|Publication number||US6353329 B1|
|Application number||US 09/524,699|
|Publication date||Mar 5, 2002|
|Filing date||Mar 14, 2000|
|Priority date||Mar 14, 2000|
|Also published as||EP1264187A2, WO2001069268A2, WO2001069268A3|
|Publication number||09524699, 524699, US 6353329 B1, US 6353329B1, US-B1-6353329, US6353329 B1, US6353329B1|
|Inventors||Heather Y. Kiffe|
|Original Assignee||3M Innovative Properties Company|
|Export Citation||BiBTeX, EndNote, RefMan|
|Patent Citations (10), Referenced by (15), Classifications (9), Legal Events (4)|
|External Links: USPTO, USPTO Assignment, Espacenet|
The present invention pertains generally to devices that test integrated circuits, and more particularly to an improved test socket lid assembly which allows easier multi-site usage, improved thermal testing capabilities, and improved failure analysis testing capabilities. The improved socket and lid are easily adaptable for use with either automated testing or hand testing.
Critical integrated circuits are tested before being installed in a finished product. These integrated circuits are frequently incapsulated in ceramic or plastic packages that have contact pads or leads which are electrically connected to the integrated circuit. To test the integrated circuit, it is necessary to make temporary electrical connections to the contact pads or leads on the integrated circuit package. Test sockets created for this purpose are secured to printed circuit boards (load boards) having the appropriate circuitry for testing a particular integrated circuit.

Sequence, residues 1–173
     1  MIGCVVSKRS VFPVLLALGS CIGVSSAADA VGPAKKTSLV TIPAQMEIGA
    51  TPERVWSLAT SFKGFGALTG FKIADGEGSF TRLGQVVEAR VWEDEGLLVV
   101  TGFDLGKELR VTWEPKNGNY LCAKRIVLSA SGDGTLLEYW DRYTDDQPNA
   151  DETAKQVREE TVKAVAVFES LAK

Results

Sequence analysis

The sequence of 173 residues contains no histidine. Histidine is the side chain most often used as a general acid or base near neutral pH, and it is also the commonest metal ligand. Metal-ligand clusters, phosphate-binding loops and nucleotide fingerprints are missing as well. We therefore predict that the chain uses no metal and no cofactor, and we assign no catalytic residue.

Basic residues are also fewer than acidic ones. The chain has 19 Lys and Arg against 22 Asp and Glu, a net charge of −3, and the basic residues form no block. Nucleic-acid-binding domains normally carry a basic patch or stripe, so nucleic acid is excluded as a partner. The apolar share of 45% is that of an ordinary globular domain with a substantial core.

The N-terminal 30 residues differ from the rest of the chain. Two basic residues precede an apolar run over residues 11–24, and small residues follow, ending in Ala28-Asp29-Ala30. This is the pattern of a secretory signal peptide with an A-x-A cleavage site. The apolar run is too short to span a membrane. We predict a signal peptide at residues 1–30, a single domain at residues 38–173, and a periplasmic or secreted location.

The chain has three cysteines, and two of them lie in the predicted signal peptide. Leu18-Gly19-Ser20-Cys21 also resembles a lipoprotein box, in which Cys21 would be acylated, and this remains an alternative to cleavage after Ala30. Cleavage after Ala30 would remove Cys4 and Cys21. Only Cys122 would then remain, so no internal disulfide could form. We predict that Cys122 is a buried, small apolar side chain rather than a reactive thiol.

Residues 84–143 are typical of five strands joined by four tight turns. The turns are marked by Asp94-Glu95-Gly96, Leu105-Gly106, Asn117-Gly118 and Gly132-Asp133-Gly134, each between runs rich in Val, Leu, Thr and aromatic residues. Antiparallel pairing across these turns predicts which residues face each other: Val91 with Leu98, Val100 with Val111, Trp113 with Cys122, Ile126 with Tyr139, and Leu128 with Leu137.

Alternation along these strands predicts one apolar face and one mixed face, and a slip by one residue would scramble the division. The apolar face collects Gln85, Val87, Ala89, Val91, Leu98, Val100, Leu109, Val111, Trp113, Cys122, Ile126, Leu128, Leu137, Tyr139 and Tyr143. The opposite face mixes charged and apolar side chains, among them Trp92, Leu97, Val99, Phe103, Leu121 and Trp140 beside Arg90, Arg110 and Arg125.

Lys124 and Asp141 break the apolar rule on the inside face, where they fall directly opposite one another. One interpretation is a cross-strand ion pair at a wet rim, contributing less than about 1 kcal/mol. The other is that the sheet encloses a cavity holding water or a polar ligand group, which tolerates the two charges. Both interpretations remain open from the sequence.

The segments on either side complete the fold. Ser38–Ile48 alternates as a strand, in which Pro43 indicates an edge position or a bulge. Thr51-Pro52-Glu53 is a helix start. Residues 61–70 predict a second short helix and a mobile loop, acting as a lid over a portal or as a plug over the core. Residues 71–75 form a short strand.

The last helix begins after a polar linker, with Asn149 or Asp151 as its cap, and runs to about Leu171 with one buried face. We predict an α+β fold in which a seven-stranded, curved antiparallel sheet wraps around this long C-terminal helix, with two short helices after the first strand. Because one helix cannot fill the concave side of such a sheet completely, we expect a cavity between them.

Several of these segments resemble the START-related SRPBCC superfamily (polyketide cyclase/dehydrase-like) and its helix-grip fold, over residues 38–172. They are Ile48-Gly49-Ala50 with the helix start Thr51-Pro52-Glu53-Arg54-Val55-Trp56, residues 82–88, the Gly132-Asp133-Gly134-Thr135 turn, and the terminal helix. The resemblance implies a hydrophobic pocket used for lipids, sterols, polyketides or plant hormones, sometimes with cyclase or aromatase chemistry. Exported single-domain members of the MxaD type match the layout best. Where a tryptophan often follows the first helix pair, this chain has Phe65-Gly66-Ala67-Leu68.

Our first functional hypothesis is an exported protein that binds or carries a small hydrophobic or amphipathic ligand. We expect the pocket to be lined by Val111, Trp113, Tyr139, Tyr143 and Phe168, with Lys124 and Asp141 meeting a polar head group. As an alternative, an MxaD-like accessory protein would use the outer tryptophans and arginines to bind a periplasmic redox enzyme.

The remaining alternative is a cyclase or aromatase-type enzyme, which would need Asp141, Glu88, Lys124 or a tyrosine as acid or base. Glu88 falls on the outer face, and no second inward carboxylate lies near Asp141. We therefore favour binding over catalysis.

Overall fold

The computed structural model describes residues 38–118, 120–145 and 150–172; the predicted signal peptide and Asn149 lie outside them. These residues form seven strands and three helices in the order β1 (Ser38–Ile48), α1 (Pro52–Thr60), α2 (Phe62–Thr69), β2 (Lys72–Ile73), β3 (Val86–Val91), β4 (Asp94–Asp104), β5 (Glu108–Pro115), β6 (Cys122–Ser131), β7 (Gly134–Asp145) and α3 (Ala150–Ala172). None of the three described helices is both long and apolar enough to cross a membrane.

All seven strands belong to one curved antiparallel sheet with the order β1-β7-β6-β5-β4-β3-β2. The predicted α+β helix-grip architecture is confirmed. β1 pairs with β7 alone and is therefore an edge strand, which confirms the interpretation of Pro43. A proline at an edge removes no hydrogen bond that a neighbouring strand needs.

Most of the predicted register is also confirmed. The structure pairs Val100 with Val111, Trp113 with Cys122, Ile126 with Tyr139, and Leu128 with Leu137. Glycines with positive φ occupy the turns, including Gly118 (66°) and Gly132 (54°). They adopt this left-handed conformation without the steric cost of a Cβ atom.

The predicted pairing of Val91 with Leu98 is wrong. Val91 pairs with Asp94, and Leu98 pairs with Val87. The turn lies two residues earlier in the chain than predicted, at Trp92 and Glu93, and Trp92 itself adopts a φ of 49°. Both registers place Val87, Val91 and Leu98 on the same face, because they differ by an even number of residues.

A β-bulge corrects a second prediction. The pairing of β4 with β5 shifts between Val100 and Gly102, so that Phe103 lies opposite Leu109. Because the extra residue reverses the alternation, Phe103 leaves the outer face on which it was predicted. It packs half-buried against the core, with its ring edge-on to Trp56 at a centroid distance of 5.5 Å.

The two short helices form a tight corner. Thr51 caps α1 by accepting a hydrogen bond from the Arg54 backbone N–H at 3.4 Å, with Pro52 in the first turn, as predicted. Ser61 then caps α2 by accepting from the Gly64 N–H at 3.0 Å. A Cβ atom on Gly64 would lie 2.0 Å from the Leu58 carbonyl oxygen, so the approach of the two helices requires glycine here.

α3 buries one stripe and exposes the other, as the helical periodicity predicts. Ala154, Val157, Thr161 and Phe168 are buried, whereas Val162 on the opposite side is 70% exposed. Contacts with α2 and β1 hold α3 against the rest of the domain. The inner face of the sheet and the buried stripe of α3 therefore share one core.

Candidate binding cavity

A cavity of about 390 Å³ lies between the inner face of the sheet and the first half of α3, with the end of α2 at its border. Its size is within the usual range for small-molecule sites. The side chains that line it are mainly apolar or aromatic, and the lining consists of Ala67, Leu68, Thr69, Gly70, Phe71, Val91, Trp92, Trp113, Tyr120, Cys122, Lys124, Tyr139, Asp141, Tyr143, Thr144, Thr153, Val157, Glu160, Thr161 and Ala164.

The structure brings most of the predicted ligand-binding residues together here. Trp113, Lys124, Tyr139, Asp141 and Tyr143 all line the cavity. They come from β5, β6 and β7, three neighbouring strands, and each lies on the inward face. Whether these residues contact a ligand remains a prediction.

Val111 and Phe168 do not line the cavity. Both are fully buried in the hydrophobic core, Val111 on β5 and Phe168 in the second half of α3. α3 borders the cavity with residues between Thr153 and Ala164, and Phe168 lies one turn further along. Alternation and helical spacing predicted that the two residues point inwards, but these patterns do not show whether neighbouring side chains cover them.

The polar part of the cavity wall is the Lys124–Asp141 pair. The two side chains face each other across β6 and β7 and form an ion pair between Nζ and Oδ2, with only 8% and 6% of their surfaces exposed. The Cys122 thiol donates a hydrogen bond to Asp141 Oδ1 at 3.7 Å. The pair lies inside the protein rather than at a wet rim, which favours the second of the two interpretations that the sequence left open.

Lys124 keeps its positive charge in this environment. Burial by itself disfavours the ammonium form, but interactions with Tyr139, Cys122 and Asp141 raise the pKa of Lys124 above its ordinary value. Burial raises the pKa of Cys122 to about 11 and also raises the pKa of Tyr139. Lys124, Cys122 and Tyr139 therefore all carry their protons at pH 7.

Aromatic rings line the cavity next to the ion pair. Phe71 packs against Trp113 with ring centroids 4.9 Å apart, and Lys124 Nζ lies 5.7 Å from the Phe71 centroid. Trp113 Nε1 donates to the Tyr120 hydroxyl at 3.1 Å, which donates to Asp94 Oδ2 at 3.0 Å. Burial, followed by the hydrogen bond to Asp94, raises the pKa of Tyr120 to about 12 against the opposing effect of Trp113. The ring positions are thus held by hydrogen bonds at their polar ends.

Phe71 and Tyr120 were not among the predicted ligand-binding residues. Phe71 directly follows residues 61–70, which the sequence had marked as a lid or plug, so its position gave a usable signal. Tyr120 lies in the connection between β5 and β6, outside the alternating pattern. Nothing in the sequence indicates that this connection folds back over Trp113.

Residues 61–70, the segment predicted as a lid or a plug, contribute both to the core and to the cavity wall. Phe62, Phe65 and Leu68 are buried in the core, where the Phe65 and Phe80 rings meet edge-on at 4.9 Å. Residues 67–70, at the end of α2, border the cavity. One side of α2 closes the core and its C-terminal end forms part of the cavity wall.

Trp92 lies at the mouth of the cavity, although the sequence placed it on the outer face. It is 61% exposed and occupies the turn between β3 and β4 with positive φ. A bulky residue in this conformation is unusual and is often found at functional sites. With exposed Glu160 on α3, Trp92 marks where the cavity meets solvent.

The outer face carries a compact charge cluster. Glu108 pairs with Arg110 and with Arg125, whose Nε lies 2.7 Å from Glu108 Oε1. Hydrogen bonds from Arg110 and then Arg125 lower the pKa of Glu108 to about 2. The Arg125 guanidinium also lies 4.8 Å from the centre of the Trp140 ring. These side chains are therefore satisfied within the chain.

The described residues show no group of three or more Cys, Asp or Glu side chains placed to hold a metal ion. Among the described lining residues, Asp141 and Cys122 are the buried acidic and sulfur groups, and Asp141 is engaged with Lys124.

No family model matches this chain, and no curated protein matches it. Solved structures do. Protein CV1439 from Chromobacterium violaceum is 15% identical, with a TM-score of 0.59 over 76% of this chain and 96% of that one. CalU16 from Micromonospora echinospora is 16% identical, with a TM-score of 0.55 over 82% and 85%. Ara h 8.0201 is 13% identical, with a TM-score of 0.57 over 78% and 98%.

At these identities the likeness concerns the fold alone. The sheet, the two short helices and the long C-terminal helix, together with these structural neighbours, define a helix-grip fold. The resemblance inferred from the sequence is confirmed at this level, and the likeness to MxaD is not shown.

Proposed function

Much of the testing of the integrated circuits may be done with automated equipment. The body of a test socket may be secured to the printed circuit board, and have a plurality of electrical contacts for making electrical connection between the circuitry of the printed circuit board and the contact pads or leads of the integrated circuit. The integrated circuit device is placed into the socket body such that the pads or leads of the integrated circuit contact the electrical contacts of the socket. Typically, the automated equipment which is used to place an integrated circuit into the socket also provides an actuation force against the integrated circuit to engage the integrated circuit pads or leads with the socket electrical contacts.